When I think back to March 13, 2020 — the day my kids came home from school for “two weeks” — I remember assuming we’d be home for longer than 14 days. Still, like all of us, I had no idea the pandemic and our response to it would last as long as it has, or that returning to “normal” — whatever that means — would be as fraught as it looks like it’s going to be.
During the past year, our family made decisions that some of our friends agreed with, and some found absurd. We pulled our kids from soccer, even though the state we live in allowed play, without masks, for most of the year. We said no to birthday parties, sleepovers, and pool parties. We kept our kids home from school, though more than 70% of our district returned full-time in August (with full classrooms, and not enough room to distance by six feet). My husband and I feel incredibly privileged that our jobs allow us to be home with our kids while continuing to work — but it shouldn’t be a privilege to be able to keep your family safe.
The hardline we took makes me think of siyag la-Torah, which literally means “to build a fence around the Torah,” or the idea of creating rules intended to protect Jews from accidentally breaking a more serious rule. As the cases in our area skyrocketed, we built a pretty sturdy fence. We opted to spend time just as a family so we wouldn’t have to make tough judgement calls, like hanging out with one family because we thought they had been taking the pandemic seriously, but not seeing another family, because we heard (or saw on social media), that they weren’t prioritizing the same things we were.
We didn’t want to hurt feelings, we didn’t want to have to justify our choices, and we didn’t want others to feel they had to justify their choices to us. We know we were doing things others wouldn’t feel safe doing — like going to the office a few days a week or grocery shopping in person every other week — but, in keeping mostly to ourselves, we hoped the choices we made would have little impact on the community around us.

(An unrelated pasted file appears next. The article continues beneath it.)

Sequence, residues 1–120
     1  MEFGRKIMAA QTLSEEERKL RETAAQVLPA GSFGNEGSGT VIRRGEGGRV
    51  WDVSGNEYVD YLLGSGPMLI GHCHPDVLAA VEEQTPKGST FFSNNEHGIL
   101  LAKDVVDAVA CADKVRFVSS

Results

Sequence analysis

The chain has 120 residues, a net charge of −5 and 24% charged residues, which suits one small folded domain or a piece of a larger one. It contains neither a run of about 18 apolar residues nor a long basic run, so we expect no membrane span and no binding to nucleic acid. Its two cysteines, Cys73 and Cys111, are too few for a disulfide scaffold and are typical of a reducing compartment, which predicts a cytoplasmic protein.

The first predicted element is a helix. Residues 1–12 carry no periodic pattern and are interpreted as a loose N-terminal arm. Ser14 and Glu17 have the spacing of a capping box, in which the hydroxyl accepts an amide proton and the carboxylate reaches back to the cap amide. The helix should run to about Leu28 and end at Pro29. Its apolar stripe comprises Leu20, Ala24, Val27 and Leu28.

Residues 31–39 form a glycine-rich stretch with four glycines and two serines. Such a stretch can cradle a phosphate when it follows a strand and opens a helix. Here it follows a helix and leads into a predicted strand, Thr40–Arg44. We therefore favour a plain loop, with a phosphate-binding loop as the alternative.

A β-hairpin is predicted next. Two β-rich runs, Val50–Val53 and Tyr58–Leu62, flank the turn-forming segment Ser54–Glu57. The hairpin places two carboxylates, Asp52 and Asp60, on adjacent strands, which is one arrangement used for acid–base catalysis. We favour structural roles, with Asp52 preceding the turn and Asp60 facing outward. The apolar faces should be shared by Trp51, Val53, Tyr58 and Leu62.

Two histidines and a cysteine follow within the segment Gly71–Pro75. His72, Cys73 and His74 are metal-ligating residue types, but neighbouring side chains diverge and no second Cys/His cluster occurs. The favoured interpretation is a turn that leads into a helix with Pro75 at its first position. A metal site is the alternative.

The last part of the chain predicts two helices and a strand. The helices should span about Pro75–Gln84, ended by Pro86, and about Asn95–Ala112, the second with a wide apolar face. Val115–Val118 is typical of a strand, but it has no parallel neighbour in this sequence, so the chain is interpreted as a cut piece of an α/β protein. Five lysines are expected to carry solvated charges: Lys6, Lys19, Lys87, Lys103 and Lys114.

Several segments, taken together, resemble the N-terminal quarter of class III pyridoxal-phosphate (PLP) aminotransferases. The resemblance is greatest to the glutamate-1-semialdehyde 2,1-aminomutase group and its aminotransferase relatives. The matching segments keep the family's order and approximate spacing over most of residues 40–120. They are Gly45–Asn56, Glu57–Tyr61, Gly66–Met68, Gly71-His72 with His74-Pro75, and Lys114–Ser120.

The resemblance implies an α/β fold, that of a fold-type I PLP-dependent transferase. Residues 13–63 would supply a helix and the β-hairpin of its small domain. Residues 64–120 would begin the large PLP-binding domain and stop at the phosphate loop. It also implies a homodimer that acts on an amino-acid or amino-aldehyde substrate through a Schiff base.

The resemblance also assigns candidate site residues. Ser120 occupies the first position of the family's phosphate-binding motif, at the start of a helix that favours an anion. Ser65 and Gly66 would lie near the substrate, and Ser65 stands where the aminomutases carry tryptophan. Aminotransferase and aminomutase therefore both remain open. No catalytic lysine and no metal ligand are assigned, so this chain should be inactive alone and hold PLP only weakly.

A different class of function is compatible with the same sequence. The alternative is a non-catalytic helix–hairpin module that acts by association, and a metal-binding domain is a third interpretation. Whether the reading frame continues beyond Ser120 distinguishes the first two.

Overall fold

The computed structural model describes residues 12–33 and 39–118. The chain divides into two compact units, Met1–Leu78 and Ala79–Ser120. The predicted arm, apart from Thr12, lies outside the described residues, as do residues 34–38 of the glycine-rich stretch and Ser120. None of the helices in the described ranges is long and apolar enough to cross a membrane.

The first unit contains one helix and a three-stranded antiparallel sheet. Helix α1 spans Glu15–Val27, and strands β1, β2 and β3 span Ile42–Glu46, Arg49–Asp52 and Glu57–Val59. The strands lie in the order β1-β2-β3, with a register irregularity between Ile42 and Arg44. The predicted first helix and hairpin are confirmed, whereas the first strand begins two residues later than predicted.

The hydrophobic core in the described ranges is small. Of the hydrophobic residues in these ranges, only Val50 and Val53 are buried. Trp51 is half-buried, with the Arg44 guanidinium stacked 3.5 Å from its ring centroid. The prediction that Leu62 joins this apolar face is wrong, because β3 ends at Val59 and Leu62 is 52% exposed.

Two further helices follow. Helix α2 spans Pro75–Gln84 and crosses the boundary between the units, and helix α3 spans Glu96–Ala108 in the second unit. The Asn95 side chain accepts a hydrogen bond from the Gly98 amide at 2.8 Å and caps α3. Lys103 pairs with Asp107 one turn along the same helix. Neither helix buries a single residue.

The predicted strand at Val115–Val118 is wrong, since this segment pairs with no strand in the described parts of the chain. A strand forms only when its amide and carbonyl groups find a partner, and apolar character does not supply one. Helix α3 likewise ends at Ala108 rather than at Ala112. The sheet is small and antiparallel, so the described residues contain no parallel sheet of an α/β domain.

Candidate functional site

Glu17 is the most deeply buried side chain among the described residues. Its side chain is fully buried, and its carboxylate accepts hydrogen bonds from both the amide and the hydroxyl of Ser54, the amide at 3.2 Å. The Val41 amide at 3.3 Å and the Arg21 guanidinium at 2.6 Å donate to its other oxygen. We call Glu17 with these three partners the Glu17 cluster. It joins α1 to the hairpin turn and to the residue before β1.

But following Covid-19 mitigation guidelines is a lot like drunk driving. While you can only control whether or not you drive drunk, other people’s choices can have a deadly impact on your safety. As with Covid-19 mitigation, some people take a hardline with drunk driving and follow a strict abstinence policy; some people experiment and test legal limits; and some people ignore precautions all together.
Our first experience managing the “new normal for now” came last week. Our kids had returned to soccer in March after their league issued a mandatory mask rule for everyone involved, from players to referees to spectators. The kids were wary but excited to get back on the pitch. But last week, their soccer club’s president walked back the mask mandate, saying it was “controversial” and that some families had “grievous concerns.” She said while the league still required masks, there would be times some people wouldn’t be wearing them, and that everyone was to respect everyone else’s decision.
I thought back to the first day of practice, when I read a book on a blanket on a hill, far away from the players and any other parents. I wore my mask anyway, not a performative act of “woke” theater, but because those were the rules. Plus, wearing a mask, I felt, signaled to everyone that it was the right thing to do.